[Mageia-dev] Proposal: Updating released versions (long post)

andré andr55 at laposte.net
Sat Oct 9 15:46:08 CEST 2010

Luca Berra a écrit :
> On Sat, Oct 09, 2010 at 11:10:36AM +0200, Renaud MICHEL wrote:
>> On samedi 09 octobre 2010 at 05:45, andré wrote :
>>> Note that configuration files that have been changed from the 
>>> installation default are often already saved.  (Generally ".old" is 
>>> appended to the configuration file name, sometimes ".new" to the new 
>>> configuration file.)
>> But here you are only talking about system-wide configuration files, 
>> which are known of rpm as they are part of the package and marked as 
>> config files.
>> But what about user specific configuration files?
>> For the easy kind, where a program will have a single configuration 
>> file (or dedicated directory), a pre-inst script could find it in the 
>> home of each users and backup them. But you have cases of programs 
>> which have configuration scattered in multiple shared directories 
>> (like KDE), or even non-deterministic configuration files and it can 
>> become very tricky to find all the files to backup.
>> And you have the really hard kind, where the same configuration file 
>> may be shared by different packages. For example, plasma applet 
>> configurations are stored in a few ~/.kde4/share/config/plasma* files.
Good point.  So user-specific configuration files would have to be taken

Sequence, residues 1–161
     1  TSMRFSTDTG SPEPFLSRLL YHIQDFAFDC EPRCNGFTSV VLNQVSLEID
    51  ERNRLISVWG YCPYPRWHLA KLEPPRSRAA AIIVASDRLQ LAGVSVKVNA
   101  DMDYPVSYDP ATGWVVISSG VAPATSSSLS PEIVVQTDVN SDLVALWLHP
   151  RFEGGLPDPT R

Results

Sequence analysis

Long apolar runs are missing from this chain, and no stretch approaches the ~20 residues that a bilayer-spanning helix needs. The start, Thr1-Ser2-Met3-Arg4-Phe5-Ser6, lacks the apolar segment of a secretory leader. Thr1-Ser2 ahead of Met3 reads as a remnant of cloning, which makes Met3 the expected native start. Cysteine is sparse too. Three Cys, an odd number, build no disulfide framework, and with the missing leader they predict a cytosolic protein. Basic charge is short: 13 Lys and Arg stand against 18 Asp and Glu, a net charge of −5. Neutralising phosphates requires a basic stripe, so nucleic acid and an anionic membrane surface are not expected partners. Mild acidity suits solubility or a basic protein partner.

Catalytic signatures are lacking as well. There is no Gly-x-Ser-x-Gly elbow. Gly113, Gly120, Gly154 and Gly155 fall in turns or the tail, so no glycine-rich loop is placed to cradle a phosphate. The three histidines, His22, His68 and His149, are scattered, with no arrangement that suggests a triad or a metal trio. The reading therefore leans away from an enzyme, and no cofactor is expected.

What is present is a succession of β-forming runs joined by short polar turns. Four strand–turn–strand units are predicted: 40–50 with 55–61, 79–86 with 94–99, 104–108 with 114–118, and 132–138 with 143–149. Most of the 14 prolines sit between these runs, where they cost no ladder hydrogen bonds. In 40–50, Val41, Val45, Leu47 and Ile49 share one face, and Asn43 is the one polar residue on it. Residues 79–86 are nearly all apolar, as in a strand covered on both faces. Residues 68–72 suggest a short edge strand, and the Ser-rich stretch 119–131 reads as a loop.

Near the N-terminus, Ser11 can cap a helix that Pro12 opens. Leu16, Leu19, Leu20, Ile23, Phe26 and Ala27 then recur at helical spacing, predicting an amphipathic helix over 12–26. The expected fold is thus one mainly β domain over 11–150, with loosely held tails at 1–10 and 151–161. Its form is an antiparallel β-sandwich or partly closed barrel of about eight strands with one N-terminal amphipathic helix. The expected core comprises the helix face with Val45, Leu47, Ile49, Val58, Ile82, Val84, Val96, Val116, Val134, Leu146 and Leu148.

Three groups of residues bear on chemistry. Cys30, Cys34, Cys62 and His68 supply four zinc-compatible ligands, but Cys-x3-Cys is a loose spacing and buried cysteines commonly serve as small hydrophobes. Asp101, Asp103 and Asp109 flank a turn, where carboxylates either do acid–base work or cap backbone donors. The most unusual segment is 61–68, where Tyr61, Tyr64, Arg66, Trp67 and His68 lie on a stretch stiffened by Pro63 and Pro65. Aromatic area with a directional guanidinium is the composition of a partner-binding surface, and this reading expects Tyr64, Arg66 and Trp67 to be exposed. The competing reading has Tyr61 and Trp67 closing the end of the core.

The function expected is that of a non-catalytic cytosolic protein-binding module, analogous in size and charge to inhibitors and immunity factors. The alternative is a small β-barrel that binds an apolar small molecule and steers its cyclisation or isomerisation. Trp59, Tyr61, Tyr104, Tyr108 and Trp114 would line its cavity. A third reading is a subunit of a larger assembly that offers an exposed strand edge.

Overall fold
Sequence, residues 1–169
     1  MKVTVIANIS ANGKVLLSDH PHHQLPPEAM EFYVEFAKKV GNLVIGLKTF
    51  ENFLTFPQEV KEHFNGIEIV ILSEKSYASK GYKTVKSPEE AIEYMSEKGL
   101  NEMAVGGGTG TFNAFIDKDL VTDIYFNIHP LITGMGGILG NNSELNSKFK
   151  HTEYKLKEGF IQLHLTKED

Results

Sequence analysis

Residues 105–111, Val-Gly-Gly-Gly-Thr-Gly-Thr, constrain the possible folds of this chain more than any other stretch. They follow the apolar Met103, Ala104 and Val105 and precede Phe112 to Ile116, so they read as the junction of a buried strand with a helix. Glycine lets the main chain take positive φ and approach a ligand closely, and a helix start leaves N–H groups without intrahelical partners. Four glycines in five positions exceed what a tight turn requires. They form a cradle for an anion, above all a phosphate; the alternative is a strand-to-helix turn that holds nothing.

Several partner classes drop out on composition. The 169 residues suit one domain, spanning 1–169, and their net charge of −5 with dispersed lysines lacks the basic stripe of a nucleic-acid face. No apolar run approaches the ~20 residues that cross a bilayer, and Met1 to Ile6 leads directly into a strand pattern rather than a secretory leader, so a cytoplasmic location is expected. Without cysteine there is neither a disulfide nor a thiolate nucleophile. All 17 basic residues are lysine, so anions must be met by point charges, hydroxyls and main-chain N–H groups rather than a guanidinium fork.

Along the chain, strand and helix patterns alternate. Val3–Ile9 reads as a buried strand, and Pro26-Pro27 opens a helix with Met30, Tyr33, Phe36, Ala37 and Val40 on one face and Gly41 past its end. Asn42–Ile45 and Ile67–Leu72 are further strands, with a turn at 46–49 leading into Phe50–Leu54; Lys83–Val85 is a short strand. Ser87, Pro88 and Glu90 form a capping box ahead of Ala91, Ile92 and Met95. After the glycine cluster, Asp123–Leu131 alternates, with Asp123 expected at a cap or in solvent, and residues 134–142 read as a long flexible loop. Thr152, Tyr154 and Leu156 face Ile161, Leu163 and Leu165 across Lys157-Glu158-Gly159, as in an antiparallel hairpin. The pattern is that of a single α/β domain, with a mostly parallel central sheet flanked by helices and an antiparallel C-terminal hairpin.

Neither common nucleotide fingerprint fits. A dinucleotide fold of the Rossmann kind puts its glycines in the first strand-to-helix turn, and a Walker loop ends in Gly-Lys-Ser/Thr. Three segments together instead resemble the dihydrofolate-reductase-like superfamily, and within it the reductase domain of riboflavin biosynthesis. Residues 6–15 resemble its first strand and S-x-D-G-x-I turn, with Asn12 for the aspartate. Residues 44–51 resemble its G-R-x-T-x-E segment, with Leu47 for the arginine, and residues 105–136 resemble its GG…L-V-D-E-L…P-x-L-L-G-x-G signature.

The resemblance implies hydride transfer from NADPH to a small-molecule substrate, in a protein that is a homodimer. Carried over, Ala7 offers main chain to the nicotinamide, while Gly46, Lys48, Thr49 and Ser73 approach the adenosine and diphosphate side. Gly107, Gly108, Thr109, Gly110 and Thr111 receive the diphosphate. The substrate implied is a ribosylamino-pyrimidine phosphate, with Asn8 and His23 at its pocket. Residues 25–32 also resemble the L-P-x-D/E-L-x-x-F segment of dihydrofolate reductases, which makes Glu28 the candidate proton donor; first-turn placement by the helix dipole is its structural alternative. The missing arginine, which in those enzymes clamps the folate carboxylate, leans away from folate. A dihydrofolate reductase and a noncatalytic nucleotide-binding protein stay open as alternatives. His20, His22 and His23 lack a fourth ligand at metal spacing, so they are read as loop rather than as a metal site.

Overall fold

into account.
BTW, there is a similar complication for some Gnome packages.
So it would take a lot more time and effort to accommodate such rollbacks.
However most packages would be much simpler to reliably roll back.
So it seems useful that packages be marked as suitable for rollback (or 
> +1
> this is the very problem why i believe rollbacks are not that easy
Because the rollback will be automatic and must be very reliable, it is 
not something to be taken lightly.  A malfunctioning rollback would be 
considerably worse than the current manual rollback process.

Note that insisting that all backports depend on the same versions of 
required packages as the distro release for which the backport is made 
will considerably reduce one potential source of problems.  As well, if 
a new version of a particular application has important format changes, 
perhaps there should be a policy of not making backports for it.
So candidates for rollbacks would be mostly restricted to applications 
developped and tested for the current release of the distro.
Thus the utility of automated rollbacks would be considerably reduced.

Another 2 cents :)

- André (andre999)

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